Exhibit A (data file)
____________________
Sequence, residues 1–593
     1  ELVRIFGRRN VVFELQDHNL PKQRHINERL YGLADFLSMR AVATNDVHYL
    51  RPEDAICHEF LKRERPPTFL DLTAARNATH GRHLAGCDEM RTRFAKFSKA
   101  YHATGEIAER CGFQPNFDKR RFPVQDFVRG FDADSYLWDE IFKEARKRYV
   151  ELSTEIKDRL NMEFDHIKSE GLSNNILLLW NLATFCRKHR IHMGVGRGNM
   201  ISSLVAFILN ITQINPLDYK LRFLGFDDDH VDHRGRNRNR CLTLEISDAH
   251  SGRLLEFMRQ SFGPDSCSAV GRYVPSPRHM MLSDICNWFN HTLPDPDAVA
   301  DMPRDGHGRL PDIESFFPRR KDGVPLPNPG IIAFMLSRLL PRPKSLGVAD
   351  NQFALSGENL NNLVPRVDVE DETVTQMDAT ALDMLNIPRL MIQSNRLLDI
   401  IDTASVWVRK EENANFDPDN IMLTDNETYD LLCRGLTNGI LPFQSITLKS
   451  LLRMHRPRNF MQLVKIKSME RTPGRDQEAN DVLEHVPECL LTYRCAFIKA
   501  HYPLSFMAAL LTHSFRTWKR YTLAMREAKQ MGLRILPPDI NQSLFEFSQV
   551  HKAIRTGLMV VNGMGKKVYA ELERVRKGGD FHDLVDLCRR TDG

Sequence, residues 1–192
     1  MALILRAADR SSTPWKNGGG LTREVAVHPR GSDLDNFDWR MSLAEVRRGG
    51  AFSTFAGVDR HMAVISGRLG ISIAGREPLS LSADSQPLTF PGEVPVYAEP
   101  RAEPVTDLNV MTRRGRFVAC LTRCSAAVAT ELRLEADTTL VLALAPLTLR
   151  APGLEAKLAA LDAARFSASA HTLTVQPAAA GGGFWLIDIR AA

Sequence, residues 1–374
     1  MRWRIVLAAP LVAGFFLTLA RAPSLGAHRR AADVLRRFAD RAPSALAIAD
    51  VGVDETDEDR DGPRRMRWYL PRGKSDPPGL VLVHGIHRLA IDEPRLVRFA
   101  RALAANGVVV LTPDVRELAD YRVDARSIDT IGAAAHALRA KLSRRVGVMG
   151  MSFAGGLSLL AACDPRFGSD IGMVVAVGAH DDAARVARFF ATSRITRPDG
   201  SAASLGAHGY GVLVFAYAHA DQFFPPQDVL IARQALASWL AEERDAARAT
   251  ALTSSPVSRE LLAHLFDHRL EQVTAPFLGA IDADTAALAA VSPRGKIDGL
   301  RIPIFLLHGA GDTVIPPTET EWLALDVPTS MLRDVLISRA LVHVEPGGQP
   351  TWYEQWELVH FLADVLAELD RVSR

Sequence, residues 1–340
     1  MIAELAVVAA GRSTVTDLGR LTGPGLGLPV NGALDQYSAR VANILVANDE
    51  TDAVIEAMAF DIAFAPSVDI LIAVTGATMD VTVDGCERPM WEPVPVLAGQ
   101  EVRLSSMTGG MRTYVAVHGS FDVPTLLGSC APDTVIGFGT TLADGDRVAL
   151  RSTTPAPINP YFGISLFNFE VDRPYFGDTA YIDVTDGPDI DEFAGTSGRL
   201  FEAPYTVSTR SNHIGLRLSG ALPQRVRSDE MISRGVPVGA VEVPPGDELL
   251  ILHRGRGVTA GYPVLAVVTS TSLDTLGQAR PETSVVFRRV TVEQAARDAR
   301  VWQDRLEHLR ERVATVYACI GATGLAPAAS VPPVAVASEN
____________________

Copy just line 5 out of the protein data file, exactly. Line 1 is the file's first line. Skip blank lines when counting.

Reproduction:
   151  ELSTEIKDRL NMEFDHIKSE GLSNNILLLW NLATFCRKHR IHMGVGRGNM